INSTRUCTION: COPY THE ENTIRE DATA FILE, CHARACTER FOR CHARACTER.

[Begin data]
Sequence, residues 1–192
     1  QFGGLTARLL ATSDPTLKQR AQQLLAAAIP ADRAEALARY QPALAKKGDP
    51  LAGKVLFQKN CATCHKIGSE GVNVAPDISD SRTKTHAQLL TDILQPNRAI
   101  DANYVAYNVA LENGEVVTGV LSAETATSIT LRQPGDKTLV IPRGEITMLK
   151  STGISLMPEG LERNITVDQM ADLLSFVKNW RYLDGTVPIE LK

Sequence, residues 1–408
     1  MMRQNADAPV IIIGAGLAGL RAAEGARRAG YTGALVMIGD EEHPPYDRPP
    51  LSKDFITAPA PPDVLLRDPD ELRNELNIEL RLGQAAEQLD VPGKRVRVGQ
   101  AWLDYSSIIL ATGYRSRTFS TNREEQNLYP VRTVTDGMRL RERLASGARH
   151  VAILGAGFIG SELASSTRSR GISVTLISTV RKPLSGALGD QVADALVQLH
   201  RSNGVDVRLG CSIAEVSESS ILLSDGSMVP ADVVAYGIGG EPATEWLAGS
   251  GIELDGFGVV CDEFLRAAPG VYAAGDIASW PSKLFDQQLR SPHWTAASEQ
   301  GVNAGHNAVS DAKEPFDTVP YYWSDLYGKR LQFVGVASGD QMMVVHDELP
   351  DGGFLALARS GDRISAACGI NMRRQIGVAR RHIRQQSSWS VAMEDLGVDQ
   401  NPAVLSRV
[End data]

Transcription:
Sequence, residues 1–192
     1  QFGGLTARLL ATSDPTLKQR AQQLLAAAIP ADRAEALARY QPALAKKGDP
    51  LAGKVLFQKN CATCHKIGSE GVNVAPDISD SRTKTHAQLL TDILQPNRAI
   101  DANYVAYNVA LENGEVVTGV LSAETATSIT LRQPGDKTLV IPRGEITMLK
   151  STGISLMPEG LERNITVDQM ADLLSFVKNW RYLDGTVPIE LK

Sequence, residues 1–408
     1  MMRQNADAPV IIIGAGLAGL RAAEGARRAG YTGALVMIGD EEHPPYDRPP
    51  LSKDFITAPA PPDVLLRDPD ELRNELNIEL RLGQAAEQLD VPGKRVRVGQ
   101  AWLDYSSIIL ATGYRSRTFS TNREEQNLYP VRTVTDGMRL RERLASGARH
   151  VAILGAGFIG SELASSTRSR GISVTLISTV RKPLSGALGD QVADALVQLH
   201  RSNGVDVRLG CSIAEVSESS ILLSDGSMVP ADVVAYGIGG EPATEWLAGS
   251  GIELDGFGVV CDEFLRAAPG VYAAGDIASW PSKLFDQQLR SPHWTAASEQ
   301  GVNAGHNAVS DAKEPFDTVP YYWSDLYGKR LQFVGVASGD QMMVVHDELP
   351  DGGFLALARS GDRISAACGI NMRRQIGVAR RHIRQQSSWS VAMEDLGVDQ
   401  NPAVLSRV